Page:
Two people sat at a bar table in an old barn that was nicely transformed into a restaurant. Their feet were perched lazily on the two empty seats next to them and they were debating the menu. This was a challenge because they were at the Jones Apple Farm, where the orchards were arranged with diagonal lines that lead to the horizon in a way that made them dizzy. Therefore, everything on the menu was apple-themed and neither of them felt like devouring four to five apple cinnamon buns.
“I know it sounds crazy,” Oscar said, gesturing with his hands in the air to accommodate his speech, “but you have to be in a certain mood to have apple-flavored things.”
Liv raised her eyebrows, her hands unconsciously weaving pieces of hair together to form messy braids that framed her face. “Yeah?”
“Yeah. It has to be a mood like melted butter with a wood fireplace and classy china plates.” Oscar rubbed the light dusting of a beard he had and glanced down at the menu. It was laminated with inappropriate drawings in Sharpie covering up most of the words. That might be the reason why Oscar and Liv weren’t planning to have kids.
Liv twisted her hands together and watched the door. “Jill was supposed to be here by now.”
Oscar reached across the table and knit his fingers through hers. He didn’t say anything but the words danced in the air like the sweet scent of juice trickling down chins.
The waitress came. She was a young girl with big round glasses like windows into the soul and earbuds stuffed down her ears. They could hear a little bit of the music leaking out and Liv smiled because it was an oldie but goodie.
“Can I get you anything?”
Oscar didn’t even know if she could hear him but he answered, “Two apple ciders please.”
She nodded and jotted something down on her notebook. Liv could feel her fingers snapping along under the table to the beat of the wisps of music. She wanted the waitress to leave so she didn’t suddenly break out in song, and finally she did.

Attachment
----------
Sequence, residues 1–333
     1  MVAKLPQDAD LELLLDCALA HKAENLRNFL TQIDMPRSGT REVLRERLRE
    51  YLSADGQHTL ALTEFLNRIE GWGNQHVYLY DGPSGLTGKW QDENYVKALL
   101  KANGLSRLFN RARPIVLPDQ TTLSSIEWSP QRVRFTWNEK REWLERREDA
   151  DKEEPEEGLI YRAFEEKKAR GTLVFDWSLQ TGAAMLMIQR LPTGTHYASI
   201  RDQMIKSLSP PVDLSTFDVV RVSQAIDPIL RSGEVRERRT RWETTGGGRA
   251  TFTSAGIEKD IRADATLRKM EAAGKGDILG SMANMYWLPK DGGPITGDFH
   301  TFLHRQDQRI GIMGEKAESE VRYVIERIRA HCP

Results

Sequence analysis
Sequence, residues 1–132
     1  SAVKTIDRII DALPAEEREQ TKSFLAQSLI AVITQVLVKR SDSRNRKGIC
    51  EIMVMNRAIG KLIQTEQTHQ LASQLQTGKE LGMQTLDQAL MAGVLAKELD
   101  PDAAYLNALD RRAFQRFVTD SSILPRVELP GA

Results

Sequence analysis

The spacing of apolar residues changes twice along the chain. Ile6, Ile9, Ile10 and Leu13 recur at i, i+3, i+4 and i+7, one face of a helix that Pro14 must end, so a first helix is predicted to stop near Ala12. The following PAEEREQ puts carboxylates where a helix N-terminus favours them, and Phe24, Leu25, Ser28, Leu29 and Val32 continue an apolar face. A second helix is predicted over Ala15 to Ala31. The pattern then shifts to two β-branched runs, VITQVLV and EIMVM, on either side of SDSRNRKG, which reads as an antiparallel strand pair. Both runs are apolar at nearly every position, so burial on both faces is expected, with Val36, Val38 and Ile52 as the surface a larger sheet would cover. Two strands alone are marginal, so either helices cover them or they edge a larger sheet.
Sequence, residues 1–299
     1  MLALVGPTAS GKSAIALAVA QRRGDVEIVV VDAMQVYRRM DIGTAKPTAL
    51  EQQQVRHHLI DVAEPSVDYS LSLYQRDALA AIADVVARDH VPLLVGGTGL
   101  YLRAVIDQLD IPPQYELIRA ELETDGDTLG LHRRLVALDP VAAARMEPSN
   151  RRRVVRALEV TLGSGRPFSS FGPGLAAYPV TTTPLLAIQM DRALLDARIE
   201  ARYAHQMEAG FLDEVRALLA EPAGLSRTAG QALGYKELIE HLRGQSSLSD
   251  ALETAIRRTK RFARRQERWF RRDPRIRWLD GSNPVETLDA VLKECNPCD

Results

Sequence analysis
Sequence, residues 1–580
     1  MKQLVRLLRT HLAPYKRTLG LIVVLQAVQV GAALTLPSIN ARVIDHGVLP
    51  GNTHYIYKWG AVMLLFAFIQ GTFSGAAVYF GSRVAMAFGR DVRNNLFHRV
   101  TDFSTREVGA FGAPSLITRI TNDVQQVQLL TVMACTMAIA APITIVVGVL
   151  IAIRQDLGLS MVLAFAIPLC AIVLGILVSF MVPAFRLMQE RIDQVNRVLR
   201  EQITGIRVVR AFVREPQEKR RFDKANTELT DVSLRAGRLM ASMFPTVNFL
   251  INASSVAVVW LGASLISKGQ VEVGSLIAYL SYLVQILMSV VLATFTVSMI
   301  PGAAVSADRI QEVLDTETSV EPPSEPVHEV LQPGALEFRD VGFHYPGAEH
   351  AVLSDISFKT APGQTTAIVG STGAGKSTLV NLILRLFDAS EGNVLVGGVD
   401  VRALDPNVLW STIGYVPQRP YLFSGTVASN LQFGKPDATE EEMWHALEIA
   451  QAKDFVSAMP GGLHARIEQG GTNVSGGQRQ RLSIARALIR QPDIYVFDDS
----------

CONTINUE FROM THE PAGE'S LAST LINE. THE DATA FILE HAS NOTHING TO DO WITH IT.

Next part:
Liv rolled her lips together and tasted raspberry delight, the lipstick Jill had given her last year. Where was Jill, anyway?
Oscar tapped his fingers and tennis shoes against the table to the rhythm and hummed familiar lyrics. “L, is for the way you look, at me.”
Liv sighed the stars and continued wearily, “O, is for the only one, I see.”
“V, is very, very, extraordinary—” Oscar closed his eyes and pressed his lips together.
“E, is even more than anyone that you adore, can—” Liv was cut off abruptly by a tinkling voice.
“Love, is all that I can give, to you,” Jill sang in her most mock romantic tone. “I can’t believe you guys are performing some of my brother Nat King Cole’s without me. I deserve a sincere apology.”
Liv swung her legs off the open chair beside her and squealed like a little girl. “Jill!” They slipped into a hug, one where they each grabbed handfuls of the others’ sweater and tugged on it playfully. It was kind of awkward with the giant bag Jill was carrying and the hair that kept tumbling down Liv’s face.
“You know,” Liv scolded when releasing her, “you’re the one who should be apologizing, missy. You’re, like, an hour late.”
Jill hopped into the free chair, ignored Liv’s talking-to, and waved across the table at Oscar. “Hey, Oz, how are you?”
Oscar slapped his knee and the corners of his eyes wrinkled. “Doing good. How are you?”